There is not much this wine would have in common with Pinot Noirs as you know them from France, the U.S. or Hungary. It’s a nice red but also somehow funny. The adjective ‘funny’ is not, of course, a popular word in the wine vocabulary; still, I feel it may express my confusion with the product. Let’s make it clear: this Pinot is not the fist wine you need to try in Serbia, as there are more important personalities in the local wine world, but probably you can appreciate its funny (again!) character after a long day of walking up and down Belgrade’s boulevards.
The wine is named after the Prince Lazar (1329-1389), the ruler of the medieval Serbian Empire. In the epic ballads and tradition he’s called Tsar Lazar, that is Emperor Lazar, although he himself didn’t enjoy the title. It was only Dušan and his son Uroš before Lazar, who were Emperors of the Serbs and Greeks. Lazar died in the famous Battle of Kosovo and was beatified by the Orthodox Church as a martyr. The 12% of the wine don’t bring to mind his power and character. It’s rather a fruity light red, offering you a whole spectrum of cherry- and berry-like notes. It’s ‘funny’ because there is hardly any characteristic that could be really called the personality of this wine. Fruity, sweetish, easily enjoyable, traditional by its little filtrated body that reminds me of homemade juices. I guess it’s the more rustic face of Pinot Noir 🙂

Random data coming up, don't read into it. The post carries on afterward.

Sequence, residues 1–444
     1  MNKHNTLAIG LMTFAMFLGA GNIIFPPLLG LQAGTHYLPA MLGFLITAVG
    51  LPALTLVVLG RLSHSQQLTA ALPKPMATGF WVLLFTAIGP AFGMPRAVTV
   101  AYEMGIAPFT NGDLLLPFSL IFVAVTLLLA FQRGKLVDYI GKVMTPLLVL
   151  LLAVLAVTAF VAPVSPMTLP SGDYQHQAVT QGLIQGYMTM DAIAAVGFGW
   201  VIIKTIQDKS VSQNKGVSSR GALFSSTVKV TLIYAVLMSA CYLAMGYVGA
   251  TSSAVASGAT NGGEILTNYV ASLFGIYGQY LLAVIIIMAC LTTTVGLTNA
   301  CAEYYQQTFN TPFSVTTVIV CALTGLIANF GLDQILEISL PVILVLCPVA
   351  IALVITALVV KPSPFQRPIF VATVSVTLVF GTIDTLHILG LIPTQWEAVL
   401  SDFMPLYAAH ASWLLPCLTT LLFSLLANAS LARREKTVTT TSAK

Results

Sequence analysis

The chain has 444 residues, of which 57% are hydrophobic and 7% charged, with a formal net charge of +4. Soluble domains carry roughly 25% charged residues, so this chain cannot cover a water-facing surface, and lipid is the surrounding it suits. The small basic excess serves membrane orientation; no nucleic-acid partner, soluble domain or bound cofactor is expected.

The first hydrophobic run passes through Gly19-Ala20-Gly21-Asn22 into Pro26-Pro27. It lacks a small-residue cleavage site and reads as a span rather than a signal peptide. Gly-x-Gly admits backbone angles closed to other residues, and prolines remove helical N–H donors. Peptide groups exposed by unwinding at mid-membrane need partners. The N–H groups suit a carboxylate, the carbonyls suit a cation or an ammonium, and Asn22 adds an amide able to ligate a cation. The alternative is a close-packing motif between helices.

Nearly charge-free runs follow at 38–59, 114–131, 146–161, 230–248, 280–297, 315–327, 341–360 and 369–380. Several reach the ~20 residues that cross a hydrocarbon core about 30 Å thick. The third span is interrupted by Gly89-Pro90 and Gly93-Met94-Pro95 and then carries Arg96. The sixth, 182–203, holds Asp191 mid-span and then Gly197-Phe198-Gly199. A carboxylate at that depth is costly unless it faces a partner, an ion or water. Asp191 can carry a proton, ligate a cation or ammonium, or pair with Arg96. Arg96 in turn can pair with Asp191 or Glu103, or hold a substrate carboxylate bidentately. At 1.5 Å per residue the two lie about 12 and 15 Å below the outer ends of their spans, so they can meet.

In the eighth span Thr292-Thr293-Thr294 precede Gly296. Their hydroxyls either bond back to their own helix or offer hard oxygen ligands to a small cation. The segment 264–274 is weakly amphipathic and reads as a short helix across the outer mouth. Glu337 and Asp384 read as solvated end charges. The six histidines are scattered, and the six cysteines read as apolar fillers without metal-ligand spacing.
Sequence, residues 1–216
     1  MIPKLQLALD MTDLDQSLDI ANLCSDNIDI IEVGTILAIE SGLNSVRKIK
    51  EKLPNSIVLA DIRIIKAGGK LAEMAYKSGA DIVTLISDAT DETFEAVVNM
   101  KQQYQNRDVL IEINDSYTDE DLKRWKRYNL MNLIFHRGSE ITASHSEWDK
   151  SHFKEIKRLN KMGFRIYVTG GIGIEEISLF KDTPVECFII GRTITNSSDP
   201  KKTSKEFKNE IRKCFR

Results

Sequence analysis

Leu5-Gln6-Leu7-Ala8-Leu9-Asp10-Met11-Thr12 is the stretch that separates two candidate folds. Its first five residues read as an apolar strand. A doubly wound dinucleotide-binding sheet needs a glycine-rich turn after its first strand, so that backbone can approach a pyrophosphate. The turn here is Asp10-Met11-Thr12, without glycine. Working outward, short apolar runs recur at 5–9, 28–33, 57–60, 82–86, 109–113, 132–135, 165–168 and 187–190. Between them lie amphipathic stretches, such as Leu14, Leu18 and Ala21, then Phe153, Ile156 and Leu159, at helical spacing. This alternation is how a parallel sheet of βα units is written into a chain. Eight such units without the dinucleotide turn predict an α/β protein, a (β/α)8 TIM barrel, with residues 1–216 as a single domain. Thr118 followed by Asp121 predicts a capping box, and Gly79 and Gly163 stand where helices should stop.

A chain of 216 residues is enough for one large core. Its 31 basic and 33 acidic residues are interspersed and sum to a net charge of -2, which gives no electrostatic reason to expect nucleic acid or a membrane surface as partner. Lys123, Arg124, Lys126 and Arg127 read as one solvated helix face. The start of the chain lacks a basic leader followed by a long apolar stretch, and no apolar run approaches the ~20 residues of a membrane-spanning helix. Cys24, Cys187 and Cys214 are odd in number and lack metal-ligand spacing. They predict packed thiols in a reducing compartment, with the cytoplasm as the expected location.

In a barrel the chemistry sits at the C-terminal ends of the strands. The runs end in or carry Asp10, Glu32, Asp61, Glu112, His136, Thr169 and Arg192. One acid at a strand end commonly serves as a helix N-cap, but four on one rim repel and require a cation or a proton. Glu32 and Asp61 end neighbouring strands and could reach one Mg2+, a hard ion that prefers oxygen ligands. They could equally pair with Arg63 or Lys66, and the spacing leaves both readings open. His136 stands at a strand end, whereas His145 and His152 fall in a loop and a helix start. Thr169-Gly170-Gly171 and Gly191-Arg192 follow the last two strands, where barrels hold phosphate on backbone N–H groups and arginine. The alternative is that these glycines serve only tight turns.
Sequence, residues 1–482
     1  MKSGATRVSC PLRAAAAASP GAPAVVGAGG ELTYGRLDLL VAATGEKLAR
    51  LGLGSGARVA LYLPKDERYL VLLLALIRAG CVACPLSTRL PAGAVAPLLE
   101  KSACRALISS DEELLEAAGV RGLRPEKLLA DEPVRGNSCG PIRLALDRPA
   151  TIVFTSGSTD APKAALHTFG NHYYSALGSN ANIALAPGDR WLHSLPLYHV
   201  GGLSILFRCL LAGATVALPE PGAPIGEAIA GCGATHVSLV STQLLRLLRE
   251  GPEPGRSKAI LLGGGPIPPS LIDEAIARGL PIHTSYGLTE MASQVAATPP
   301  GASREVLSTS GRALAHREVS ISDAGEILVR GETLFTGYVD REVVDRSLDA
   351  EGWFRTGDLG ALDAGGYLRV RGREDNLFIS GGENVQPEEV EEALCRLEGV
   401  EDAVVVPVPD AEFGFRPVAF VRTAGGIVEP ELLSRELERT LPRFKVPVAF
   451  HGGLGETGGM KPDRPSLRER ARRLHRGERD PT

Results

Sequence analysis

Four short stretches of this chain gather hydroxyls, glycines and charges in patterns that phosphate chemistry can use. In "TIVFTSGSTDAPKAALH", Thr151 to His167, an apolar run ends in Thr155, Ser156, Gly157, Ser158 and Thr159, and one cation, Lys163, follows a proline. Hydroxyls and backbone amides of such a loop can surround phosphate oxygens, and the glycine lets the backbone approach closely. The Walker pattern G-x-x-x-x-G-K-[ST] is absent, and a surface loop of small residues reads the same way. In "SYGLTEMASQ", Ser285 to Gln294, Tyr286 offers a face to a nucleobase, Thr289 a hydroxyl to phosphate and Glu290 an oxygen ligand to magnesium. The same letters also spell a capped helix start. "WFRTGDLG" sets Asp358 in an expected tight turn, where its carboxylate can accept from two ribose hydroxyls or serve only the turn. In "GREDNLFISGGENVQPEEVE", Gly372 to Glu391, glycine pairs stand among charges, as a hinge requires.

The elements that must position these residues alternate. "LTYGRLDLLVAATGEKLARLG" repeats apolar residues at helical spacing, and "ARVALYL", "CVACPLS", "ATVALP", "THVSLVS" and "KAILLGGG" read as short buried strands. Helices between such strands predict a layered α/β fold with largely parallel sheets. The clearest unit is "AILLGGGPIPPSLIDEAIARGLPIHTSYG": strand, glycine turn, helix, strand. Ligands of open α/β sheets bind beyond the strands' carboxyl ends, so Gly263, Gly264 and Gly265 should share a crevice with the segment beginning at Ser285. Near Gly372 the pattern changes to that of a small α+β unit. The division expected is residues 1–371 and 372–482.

In Serbia, some people like drinking red wine that is colder than room temperature. For this wine it is worth of trying.
‘Rubin’ is somehow a heritage of those ‘better’ socialist times. It was established in 1955 in Kruševac as one of the big companies or cooperatives, which then dominated the production of the Central and Eastern European countries. Some products by ‘Rubin’ became spectacularly popular in Yugoslavia and the winery still enjoys its old good reputation as a source of wines available to the majority of citizens, firstly due to the distribution (they are everywhere in Serbia!), and secondly due to the prices, which are much lower than those of wines from small, celebrated wineries and monasteries with age-old wine-making traditions.